Thursday, November 29, 2007

The Effects of War on Women

November 28, 2007, the League of Women voters held their annual United Nations briefing. The American Association of University Women of New York State is one of five other sponsoring organizations. This year's topic was the Effects of War on Women Around the World. About 150 people attended the Briefing- 30 AAUW member-10 more were members of AAUW /LWV.

I was unable to attend. My thanks to Nancy Mion who sent me these notes:

NGO (non-governmental organizations) member’s representatives attend weekly briefings, attend meetings and give reports when requested. AAUW‘s rep is past Vice Chair of the Working Group on Girls

The face of war has changed. In 1900-5% of casualties were civilians; in 2000-75% of the casualties were civilians. In wars today everyone is a combatant.

Sylvia Hordosh, from the UN Division for the Advancement of Women is involved with the implementation of CEDAW (Convention to Eliminate All Forms of Discrimination Agains Women--almost all nations except the US have signed it). If you want to know what is happening world wide go to . There is unequal power between men and women. Women have been excluded from efforts to resolve conflicts. Yet, they are viewed as the passive peacemakers.

Women are gravely affected by conflicts. They are displayed, become heads of households, lose their resources since they often cannot own land or anything. They try to hold it together, but often are punished after the conflict is settled because of what they had to do to do this.
Women are exposed to violence and abuse. They are preyed upon. They lose protection and freedom of movement; they are forced into marriages, forced to become combatants in army and militia. They are forced to have abortions, forced to be pregnant; they are detained and raped. The rape is not for pleasure but for control. When violence against women increases it is a sign of impending military conflict... It escalates during the war. But continues after the conflict has died down...
Women are underrepresented in power structures. They are left out of decision making that affect all especially them. . At talks going on now about the Middle East in Baltimore there are 40 delegates. Only 3 are women. Women have played key roles in debarments. Women form parties for power base. They are asked to prove that they have this base. Men are not asked to do that.
The 192 member states of the UN are doing 4 things to stop this. They are using Dept. of Peacekeeping, Humanitarian arm, Political Arm and Post Conflict Reconstruction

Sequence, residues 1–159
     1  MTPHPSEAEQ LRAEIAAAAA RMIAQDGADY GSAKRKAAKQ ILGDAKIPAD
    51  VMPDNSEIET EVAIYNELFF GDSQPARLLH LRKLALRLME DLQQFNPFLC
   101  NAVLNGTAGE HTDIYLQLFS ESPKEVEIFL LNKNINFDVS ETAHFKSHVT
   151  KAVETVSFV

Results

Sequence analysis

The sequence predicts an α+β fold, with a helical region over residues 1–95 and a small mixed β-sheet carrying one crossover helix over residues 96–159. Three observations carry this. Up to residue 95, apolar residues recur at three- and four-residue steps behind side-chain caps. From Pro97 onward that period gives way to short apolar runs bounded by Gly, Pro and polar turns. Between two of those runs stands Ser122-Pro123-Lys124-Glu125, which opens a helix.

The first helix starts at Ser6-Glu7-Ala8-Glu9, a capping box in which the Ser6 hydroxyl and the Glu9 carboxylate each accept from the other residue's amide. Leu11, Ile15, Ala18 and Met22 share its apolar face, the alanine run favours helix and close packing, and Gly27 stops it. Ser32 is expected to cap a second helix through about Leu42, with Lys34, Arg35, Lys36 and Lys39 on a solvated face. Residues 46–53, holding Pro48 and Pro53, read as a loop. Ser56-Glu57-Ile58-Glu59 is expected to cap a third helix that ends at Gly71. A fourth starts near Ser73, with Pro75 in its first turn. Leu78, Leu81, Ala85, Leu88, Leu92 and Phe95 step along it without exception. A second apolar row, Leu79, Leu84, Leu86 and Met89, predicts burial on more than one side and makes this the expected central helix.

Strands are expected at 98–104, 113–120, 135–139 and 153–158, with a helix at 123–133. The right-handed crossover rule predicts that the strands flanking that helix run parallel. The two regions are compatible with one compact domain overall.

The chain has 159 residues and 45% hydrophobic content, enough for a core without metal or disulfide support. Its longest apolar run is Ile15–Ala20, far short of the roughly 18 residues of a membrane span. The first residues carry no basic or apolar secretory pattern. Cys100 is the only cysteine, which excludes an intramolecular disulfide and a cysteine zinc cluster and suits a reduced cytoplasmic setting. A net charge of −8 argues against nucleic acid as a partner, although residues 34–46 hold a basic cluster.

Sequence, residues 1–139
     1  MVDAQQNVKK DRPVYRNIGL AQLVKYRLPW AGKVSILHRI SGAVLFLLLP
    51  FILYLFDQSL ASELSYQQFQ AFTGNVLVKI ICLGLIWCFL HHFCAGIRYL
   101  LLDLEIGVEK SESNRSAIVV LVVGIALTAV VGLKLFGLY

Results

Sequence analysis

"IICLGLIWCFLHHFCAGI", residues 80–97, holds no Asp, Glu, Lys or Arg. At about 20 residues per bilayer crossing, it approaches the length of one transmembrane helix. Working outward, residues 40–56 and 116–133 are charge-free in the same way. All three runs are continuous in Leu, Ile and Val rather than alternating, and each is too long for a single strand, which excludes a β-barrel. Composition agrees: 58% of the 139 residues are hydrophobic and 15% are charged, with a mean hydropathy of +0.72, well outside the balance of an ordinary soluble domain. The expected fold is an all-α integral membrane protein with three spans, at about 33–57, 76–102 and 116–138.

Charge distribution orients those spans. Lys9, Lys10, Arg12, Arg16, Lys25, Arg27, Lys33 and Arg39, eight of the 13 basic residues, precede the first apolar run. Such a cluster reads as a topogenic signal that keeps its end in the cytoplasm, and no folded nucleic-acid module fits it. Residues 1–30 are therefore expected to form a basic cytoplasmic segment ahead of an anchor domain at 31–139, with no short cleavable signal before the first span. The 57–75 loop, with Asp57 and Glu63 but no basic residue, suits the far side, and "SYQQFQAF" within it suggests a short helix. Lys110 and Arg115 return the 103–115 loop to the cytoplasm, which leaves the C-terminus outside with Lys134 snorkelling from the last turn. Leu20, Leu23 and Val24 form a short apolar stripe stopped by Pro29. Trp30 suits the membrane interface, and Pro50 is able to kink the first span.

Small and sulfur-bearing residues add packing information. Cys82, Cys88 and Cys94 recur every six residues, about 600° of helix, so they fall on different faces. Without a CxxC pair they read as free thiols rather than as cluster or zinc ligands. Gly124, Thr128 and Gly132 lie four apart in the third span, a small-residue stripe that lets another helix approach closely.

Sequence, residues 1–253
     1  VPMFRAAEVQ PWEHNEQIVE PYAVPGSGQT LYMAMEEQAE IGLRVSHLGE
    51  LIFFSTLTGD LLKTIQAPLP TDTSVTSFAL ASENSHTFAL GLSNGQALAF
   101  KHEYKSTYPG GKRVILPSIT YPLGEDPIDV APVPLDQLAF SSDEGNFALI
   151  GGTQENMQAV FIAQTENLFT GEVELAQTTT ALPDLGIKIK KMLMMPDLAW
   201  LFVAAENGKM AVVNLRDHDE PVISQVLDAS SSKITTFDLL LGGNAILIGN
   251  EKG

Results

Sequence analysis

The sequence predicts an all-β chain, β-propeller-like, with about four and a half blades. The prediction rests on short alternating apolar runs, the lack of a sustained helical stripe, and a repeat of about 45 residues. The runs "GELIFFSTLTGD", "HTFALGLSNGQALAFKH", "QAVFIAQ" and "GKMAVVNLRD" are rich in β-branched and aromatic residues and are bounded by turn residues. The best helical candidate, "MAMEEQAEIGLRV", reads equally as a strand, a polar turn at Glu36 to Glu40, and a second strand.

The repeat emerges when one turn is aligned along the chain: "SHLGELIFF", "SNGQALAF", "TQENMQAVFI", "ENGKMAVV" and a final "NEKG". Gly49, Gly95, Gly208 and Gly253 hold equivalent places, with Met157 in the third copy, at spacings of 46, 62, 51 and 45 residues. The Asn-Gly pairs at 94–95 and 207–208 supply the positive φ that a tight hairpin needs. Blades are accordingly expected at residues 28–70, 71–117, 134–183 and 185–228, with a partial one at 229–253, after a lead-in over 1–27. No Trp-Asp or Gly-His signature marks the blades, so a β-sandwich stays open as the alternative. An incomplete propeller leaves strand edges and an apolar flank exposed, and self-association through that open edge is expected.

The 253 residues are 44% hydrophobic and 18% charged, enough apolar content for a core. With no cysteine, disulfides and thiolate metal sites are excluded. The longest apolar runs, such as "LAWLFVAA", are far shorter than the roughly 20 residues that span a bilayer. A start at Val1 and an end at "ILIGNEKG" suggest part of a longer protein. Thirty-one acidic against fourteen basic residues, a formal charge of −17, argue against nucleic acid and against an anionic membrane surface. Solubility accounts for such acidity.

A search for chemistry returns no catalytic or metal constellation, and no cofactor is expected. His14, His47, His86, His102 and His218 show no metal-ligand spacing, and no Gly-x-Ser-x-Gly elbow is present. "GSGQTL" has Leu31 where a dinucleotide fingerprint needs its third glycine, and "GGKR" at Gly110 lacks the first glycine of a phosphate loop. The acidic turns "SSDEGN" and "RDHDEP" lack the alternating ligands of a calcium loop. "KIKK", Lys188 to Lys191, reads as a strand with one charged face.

Since 2000 the UN has made a major change. Policies have been enacted that women be included, quotas have been established for women’s involvement. Women’s financial needs have been acknowledged. More women have become heads of state and even Departments of Defense. However it is not fair that they are held to higher standards then men. Women are mandated on UN peace-keeping missions..
Regarding violence against women: women need to talk to women and to talk to men especially those who support women.

1 comment:

rick said...

I feel the information age will lend itself to more women in power and in contrast men in weaker positions over time. I feel differential treatment in every country that allows more aggression upon Males from an early age, love, honor, respect only on condition of sufficient power (having less allows more aggression toward them), and also devastating in the information age, denial of kind stable mental/emotional, social knowledge and skills provided for fear of coddling, cause many more Males to fall behind in the information age. This treatment is pretty much accepted in all countries.

This is causing many women to surge ahead in the information age. This differential treatment while not understood, is being felt by Males and when threatened by the growing power of women, they will react in the only manner they have been taught. I fear the problem of aggression toward women as related to the increase in Female power will only escalate over time, "unless" there is some marked change in the differential treatment shown Males and Females from birth. I feel in those third world countries we are seeing but the initial fire of what could be a terrible war against women over time in many countries, in spite of any laws against such. We are dealing with the problem of a Male's self-worth determined by society according to money, power, status, and image. When that is threatened in any country it will result in violence. Copy of learning theory to all on request.